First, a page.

The Guardian 2 November, 2005
Our historic duty
It is 88 years next Monday since the workers and peasants of Russia, sick of war, hunger, suffering and privation, seized the government of the country and demanded peace, bread and land.
It was a revolution, and because it took place in October under the old Orthodox calendar used in Russia at the time, it is known to history as the Great October Socialist Revolution.
There had been at least one attempt at a socialist revolution before 1917, but the revolution led by Lenin and the Bolsheviks in 1917 was the first that was successful.
And that was amazing in itself — for Lenin's new revolutionary regime was promptly set upon, first by armed counter-revolution from within Russia and then by the armed forces of no less than fourteen capitalist countries.
The latter were intent on stifling both the "unnatural" type of regime installed by the Revolution and the equally unnatural type of social system the revolutionaries were intent on building.
For it was a social system where the needs of the people came before the needs of property owners, where provision of health care took priority over the provision of luxury goods, where war was not profitable and peace was actually held in higher regard.
The October Revolution brought the Russian people peace initially, but it was soon shattered by imperialist invasion. But even as counter-revolution began its attempt to strangle the revolution, the working people of the world were taking up the twin causes of revolution and peace.
They overthrew empires and brought the First World War to an abrupt close. Emboldened by the success of the Russian workers and their allies, working people began establishing Communist parties all over the world.
They fought the rise of fascism and resisted the drift to world war. The struggle of the world's colonial peoples for independence and national liberation was begun, if only tentatively.
But above all, the October Revolution gave the working class movement the proof it had been waiting for — the proof that the capitalist ruling class could be overthrown, the workers themselves could take over and successfully run the factories and the state.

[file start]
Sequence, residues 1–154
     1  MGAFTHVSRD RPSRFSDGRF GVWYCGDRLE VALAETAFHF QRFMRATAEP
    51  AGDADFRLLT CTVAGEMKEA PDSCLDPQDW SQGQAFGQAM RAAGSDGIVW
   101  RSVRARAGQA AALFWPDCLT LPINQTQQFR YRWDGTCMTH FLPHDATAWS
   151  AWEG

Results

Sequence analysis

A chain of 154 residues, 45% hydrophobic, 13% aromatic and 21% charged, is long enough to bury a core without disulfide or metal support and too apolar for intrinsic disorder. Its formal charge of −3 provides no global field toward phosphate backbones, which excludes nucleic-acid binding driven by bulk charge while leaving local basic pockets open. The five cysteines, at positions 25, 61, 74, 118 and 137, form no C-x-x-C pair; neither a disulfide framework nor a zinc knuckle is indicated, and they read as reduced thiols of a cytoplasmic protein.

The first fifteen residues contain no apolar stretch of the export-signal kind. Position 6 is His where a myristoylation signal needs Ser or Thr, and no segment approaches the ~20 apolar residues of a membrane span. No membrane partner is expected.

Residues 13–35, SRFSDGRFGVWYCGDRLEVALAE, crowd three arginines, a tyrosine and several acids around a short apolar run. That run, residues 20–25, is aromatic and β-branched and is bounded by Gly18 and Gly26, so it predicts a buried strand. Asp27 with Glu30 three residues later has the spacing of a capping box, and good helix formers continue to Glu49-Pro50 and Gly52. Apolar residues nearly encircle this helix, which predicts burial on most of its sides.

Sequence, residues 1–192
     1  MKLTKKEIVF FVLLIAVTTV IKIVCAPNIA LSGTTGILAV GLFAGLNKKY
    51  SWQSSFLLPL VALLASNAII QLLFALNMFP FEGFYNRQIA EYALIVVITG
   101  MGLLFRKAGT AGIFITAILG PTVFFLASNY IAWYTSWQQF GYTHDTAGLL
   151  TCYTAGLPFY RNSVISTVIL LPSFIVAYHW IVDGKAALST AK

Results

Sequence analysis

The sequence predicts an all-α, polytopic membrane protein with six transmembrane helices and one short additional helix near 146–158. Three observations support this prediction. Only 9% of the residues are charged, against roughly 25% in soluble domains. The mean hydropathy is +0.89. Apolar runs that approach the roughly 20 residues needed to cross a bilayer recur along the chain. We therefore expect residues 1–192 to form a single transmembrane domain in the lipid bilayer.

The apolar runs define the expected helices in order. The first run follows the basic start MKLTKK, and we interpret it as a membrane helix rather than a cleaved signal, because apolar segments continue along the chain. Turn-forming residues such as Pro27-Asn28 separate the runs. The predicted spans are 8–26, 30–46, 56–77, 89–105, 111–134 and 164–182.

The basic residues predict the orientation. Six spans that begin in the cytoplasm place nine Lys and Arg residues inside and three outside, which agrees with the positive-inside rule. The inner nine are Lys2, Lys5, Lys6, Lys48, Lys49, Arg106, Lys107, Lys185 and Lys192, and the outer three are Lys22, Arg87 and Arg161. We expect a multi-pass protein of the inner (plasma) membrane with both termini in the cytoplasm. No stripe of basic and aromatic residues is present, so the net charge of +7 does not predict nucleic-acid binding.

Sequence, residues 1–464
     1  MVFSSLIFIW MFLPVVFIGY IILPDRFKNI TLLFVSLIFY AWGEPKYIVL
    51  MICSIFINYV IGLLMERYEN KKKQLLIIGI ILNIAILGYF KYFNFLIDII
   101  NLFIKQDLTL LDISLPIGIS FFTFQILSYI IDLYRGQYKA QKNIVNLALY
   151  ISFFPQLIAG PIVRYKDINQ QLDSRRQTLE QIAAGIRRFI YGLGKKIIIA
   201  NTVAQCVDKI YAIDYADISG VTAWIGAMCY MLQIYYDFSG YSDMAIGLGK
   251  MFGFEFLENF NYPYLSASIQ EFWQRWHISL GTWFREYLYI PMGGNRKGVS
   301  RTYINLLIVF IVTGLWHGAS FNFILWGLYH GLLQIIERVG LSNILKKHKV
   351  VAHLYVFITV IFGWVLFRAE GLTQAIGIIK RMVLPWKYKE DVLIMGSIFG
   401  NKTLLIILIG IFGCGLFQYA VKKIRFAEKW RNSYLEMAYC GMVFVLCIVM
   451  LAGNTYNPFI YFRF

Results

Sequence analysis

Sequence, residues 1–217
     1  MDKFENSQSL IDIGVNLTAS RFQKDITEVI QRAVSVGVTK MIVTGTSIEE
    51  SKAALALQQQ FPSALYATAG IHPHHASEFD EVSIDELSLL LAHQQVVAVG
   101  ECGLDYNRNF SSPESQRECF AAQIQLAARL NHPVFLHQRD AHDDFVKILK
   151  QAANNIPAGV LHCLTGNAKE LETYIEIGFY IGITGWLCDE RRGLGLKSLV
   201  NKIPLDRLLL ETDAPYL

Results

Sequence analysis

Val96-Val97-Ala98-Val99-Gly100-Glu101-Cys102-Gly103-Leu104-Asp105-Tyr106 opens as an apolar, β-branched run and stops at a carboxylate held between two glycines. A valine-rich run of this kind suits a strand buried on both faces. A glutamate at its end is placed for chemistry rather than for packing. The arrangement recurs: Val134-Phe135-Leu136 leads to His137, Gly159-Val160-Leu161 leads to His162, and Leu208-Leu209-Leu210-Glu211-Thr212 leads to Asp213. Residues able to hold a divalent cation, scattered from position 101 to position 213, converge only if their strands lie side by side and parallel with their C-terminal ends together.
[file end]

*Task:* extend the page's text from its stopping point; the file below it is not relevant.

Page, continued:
Despite mistakes and setbacks, despite sabotage and imperialist blockade, the world's first socialist state successfully involved the working people in building a new type of society, a society they recognised as their own.
When imperialism enlisted fascism as the means of destroying this new society, the people rallied to the defence of Soviet Russia. The Russian people made colossal sacrifices to win a titanic struggle against Nazi Germany. In the process, they saved the rest of the world as well and proved the superiority of the socialist system, for a capitalist Russia could never have done it.
The subsequent betrayal of socialism in the USSR by Gorbachev and others who succumbed to the honeyed words of deceitful capitalism does not diminish the achievements of the socialist countries of Eastern Europe.
The destruction of a society that cared for all its members, that provided universal free health care, that guaranteed housing, education and employment to all its citizens, had a catastrophic effect.
This was made starkly clear by the sudden and dramatic drop in life expectancy in Russia. For those with money, there were now more goods in the shops, but for the people as a whole life was in fact now harsher, less optimistic, more worrying, more fearful. And, not surprisingly, shorter.
The socialist countries, all of which were in fact the product of the October Revolution, kept the aggression of imperialism in check in the decades after WW2. Only after the overthrow of socialism in the USSR and Eastern Europe, did the USA and other imperialist powers feel free to unleash wars at will with devastating effects on the people of many countries.
Today, when capitalist governments are once again introducing draconian laws attacking democratic rights and endeavouring to crush the trade unions with laws that echo the laws and policies of the Nazis and other fascists of the 1930s, the question of what sort of society do we want is once again on the agenda.
The working class must rally all the democratic forces of society to the defence of our democratic rights — including trade union rights — while making people aware that a better world unquestionably is possible: that was demonstrated once and for all by the Great October Socialist Revolution
of November 7, 1917.